AEEC IN GREAT BRITAIN
AEEC IN GERMANY
AEEC IN SPAIN
Memos are sometimes very useful. This holds true also for the case of the high voltage power cable cartel. On 02/04/2014, the EU Commission imposed fines on European as well as Japanese and Korean producers of high voltage power cables. Even though quite some time has passed since this decision was adopted, the case is still relevant for potential victims.
Why? Frist, the Commission recently published the grounds for its decision including some interesting details. Secondly, appeals against this decision are still pending before the European Court. Judgments in these proceedings are expected to be passed already in spring 2018. If those rulings become final, the Commission’s finding that antitrust law has been infringed upon will also become binding, which in turn will form the basis for cartel damages claims. But let us start at the beginning.
As it is often the case, the reason for the European Commission becoming aware of the cartel was that one of the companies involved (in this case: ABB) revealed the existence of the anti-competitive agreements to the Commission within the leniency programme. While ABB went unpunished, the Commission imposed fines totalling approx. €302 million on other producers of high voltage power cables and, in some instances, also on their parent companies. However, the fact that ABB has not been fined does not mean that the company will not incur any consequences under civil law.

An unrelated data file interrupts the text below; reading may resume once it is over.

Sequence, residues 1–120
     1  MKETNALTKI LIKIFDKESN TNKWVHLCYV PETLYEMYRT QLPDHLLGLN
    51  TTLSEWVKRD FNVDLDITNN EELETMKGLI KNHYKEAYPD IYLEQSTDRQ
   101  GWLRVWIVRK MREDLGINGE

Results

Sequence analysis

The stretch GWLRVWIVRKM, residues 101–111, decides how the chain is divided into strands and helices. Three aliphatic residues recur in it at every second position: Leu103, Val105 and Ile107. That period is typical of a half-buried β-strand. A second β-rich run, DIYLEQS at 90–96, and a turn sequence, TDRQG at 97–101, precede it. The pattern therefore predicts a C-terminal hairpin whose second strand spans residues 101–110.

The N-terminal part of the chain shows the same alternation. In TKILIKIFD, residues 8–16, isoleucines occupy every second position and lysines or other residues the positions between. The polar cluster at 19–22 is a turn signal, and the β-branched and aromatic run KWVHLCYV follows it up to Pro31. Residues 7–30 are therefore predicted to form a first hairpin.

The European Commission’s investigation revealed that most of the world’s largest high voltage power cable producers participated in the cartel – which operated from 1999 to January 2009 – even though for different lengths of time. These producers entered into mutual agreements according to which they would not compete in each other’s home territories and would divide most of the rest of the world’s market amongst themselves. In addition, the European producers had agreed to allocate projects amongst themselves within the European Economic Area (EEA). According to the Commission’s findings, the subject matter of this collusion were underground power cables of at least 110 kV and submarine power cables of at least 33 kV as well as any products, works and services sold to the customers related to a sale of power cables when such sales are part of a power cable project.
What does this mean for the cartel victims?
Companies which in the time period from 1999 to 2009 commissioned cable producers involved in the cartel with the installation of a high voltage underground or submarine power cables may have been victims of the cartel. This is because, in most cases, cartel agreements lead to excessive prices as they eliminate fair competition. Default interest also taken into account, the potential damage can quickly reach six-digit amounts.
Particularly against the background of the now available, comprehensive grounds for the decision (approx. 300 pages), it may be worth checking whether one was affected by the cartel and examine the statutory limitation period. This will help assess whether potential claims for damages are likely to be successful.